• How willing am I to listen to the pull of Mercy when I am feeling it? To allow it to take me close to another, and to my own pain? Might I try just sitting, breathing with, and allowing myself to be held in Mercy in my pain? Might this help me offer it to others? What belief needs to change if I am to be comfortable with Mercy?
      • How quick am I to get overly self-protective, clinging to old ways of avoiding the experience of pain? How much do I distrust my own resilience? What ways do I have of escaping the pain I do not want to feel, and do not trust will heal?
      • How convinced am I that pain is just an unwanted vulnerability, something that diminishes my power to keep everything under control? How much do I consider suffering to be shameful, even humiliating, proving and exposing in some way that there is something wrong with me?
      • How automatically do I refuse to acknowledge pain in another? What judgments do I hold against them that provide me with a well excused distance from their pain – and my own?
      • If I pay attention to myself when I am experiencing Mercy, how much do I notice myself tensing up against it, not wanting to allow myself to feel it? What might such avoidance be costing me? What moments of potential growth have I shut down because I was avoiding Mercy?
      • What experiences have I had of a Merciful other, someone willing and able to be with me when I felt alone with pain, in a way that helped it to pass? Who do I have in my life at this time to whom I can turn to talk through my unresolved need to receive and offer Mercy? If no one comes to mind, might I need to seek out such a resource so that I can discover how to learn and grow by experiencing Mercy?
    3. ZEAL: I am joining the movement to unite what has been divided.

      • If I pay attention to my experiences for a week, how often am I in situations where the interconnected harmony of us all feels threatened? How willing am I to notice and speak up when the Disharmony is evidently destructive to the wellbeing of all? How much do I allow Disharmony to continue rather than engage my own Zeal?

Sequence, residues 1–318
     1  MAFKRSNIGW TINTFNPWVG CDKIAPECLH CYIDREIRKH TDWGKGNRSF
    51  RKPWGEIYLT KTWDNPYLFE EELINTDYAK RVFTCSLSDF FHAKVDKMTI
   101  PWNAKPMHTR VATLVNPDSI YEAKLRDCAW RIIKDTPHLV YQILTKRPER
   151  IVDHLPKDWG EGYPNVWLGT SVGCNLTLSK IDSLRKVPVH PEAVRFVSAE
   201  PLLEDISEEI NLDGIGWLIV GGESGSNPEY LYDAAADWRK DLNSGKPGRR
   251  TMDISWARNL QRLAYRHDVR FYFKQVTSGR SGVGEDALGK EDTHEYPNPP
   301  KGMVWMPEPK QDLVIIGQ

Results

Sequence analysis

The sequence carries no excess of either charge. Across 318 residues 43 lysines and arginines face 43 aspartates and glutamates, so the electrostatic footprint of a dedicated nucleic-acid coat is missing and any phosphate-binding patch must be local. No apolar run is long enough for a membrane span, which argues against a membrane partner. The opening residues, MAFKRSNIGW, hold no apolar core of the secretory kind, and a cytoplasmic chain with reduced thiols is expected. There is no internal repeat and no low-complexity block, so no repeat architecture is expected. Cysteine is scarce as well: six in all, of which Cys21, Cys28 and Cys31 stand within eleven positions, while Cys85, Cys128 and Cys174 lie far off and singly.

• If I look back over moments when Harmony seemed threatened, even imagine that I am in the experience again at this moment, what energy do I notice moving in my body? What impulses am I aware of? If I didn’t restrain the emotional energy, what do I imagine myself doing? If I think responsibly about this event, and my feelings, what might I choose to do if it happens again? If I rehearse, how can I learn to trust my Zeal?
      • What experiences have I had that have led me to distrust my own Zeal? How convinced am I that my Zeal is presumptuous, overbearing, or grandiose? How afraid am I of this energy in myself? In others? How passive or competitive do I become in the face of another’s Zeal?
    4. JOY: I want you to know how special you are to me.

      • How do I cultivate experiences where I have opportunity to joyfully give from the abundance of what I have received? How important is this kind of pleasure to me?
      • If I pay attention to my experiences for a week or two, how frequent and how long lasting are the times when I am feeling Joy, and allowing it to be expressed in my actions?
      • How comfortable am I with spontaneous Joy? If I pay attention when the opportunity arises, how much do I allow myself to go with it? How much do I find a way to dampen the energy, to mute it, or bring it to an end?
      • How willing am I to join in with others when they have initiated a joyful interchange? What self-talk goes on inside me that tells me to distrust it, that finds a way to negatively judge it, to find something wrong with it?
      • How much am I afraid of initiating joyful interchange? How much do I expect that in some way hurt will come from it? What other beliefs do I have that hold me back?

    Now that you have given yourself some familiarity with the Core Emotions of Faith, you are in a better position to give daily attention to these feelings. In our complex and fast paced lives, so much happens so fast that some of the feelings go unattended. The way to grow in Faith is to make a commitment to regularly noticing, experiencing, and processing these feelings.

      Use a meditation exercise to get your awareness centered. Bodyscan, Following the Breath, or Mindfulness can be useful here. The point is to become conscious of your embodied presence in the moment.